There are various levels of understanding to all subjects, including wine. You may know little about wine, a moderate amount or be an "expert." Your wine knowledge may derive from a book, an instructor, numerous tastings, or a combination of elements. Another source of information is travel to a wine region, which is an excellent way to gain further knowledge and understanding. With the advent of harvest season, this is a perfect time to visit a wine region, to immerse yourself in grapes and fermentation.
Though it may seem self-evident, it bears stating to ensure clarity: Visiting a wine region will likely deepen your comprehension of wine. To meet the wine makers, to walk through their vineyards, to immerse yourself in the region's culture, all can contribute to a deeper appreciation and knowledge of the area and its wines. To have the opportunity to question the staff of the winery, to obtain answers to matters which might have previously confused or puzzled you, can be invaluable. A winery's website may present their brief history and philosophy, but that is most often only the bare bones. There is much richer detail to be found by speaking directly to the people of the winery.
“One’s destination is never a place, but a new way of seeing things.”
I strongly encourage all wine lovers to visit wine regions, so that you can gain better comprehension and knowledge. Wine writers are especially urged to do so, to give you a better perspective. Travel can be a great experience for everyone, to broaden anyone's horizons. You could visit a Caribbean island, and sit on the beach all day relaxing. Or you could take a more educational vacation and visit places such as Spain, Oregon, Croatia, Paso Robles, Argentina, or Long Island, and explore their wines, cuisine, and more. If wine is your passion, then such a journey should call to your heart.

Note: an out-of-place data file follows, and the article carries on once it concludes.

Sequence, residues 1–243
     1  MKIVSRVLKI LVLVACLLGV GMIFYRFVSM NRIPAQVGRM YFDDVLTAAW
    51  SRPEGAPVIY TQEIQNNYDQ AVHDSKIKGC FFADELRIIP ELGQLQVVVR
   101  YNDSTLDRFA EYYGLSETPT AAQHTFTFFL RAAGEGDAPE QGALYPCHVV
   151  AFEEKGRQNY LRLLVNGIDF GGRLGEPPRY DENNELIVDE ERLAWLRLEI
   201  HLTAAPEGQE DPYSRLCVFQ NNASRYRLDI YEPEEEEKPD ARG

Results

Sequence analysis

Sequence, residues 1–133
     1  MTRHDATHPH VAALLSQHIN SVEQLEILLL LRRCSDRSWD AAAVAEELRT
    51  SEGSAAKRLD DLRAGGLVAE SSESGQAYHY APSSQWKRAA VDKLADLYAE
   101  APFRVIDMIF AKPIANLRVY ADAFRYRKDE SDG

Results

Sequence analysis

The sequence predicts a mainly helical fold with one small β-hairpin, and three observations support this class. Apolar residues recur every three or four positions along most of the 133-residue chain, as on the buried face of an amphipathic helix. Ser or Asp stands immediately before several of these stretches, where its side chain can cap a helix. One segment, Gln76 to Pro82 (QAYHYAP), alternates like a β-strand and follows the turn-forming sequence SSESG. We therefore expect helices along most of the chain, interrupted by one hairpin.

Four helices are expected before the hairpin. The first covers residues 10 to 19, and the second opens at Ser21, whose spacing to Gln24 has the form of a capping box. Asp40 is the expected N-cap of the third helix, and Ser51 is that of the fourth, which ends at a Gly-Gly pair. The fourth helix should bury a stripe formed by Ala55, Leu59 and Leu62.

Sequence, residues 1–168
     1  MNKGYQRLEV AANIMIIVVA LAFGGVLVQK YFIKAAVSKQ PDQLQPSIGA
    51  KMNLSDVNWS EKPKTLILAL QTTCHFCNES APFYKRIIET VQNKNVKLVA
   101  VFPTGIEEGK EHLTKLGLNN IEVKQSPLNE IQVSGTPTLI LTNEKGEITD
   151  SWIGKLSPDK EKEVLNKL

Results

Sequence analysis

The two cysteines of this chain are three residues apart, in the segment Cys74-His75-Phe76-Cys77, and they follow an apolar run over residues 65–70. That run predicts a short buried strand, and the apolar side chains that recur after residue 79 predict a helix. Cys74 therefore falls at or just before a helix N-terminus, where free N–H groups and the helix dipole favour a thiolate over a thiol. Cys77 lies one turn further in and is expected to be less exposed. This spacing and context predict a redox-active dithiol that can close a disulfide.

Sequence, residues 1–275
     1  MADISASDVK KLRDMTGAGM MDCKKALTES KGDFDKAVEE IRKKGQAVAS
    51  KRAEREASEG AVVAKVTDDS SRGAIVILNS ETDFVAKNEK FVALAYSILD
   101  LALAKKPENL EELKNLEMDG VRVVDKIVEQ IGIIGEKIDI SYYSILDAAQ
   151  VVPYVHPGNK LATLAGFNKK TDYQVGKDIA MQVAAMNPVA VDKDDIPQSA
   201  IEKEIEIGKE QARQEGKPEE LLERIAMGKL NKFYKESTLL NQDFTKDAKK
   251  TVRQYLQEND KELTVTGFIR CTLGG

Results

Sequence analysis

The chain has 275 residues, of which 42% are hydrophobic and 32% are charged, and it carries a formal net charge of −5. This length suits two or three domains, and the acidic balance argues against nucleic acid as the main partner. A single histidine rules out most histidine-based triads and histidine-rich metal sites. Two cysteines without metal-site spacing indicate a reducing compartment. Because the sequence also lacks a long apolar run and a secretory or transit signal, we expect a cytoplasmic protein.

Before you visit a wine region, be sure to do some prior research, so that you aren't a blank slate when you arrive. You can then arrive with more informed questions, ones that cannot be answered simply by visiting the winery's website. When you get to the region, be proactive, asking questions, participating in as much as you can. If you are offered the opportunity to experience something different, like harvesting grapes or tasting something unusual, then take it. Try new foods, learn local customs, and have fun. Seize the moment and squeeze every ounce of knowledge and experience out of your trip.
There is no need to worry if your traveling budget is limited, just seek out wine regions and wineries more local to you. Every state in the U.S. now produces wine, and you are likely within driving distance of at least a few of them. That will give you options, and then you can save up for a larger trip out of the country, or even just to a different state. For example, Massachusetts has 30+ wineries, and many wineries from the rest of the New England states are only two to three hours away. The New York wineries are a slightly longer trip, but still very doable.
If you have visited a wine region, do you feel that it led to a better understanding of the region and its wines? What wine regions would you especially recommend?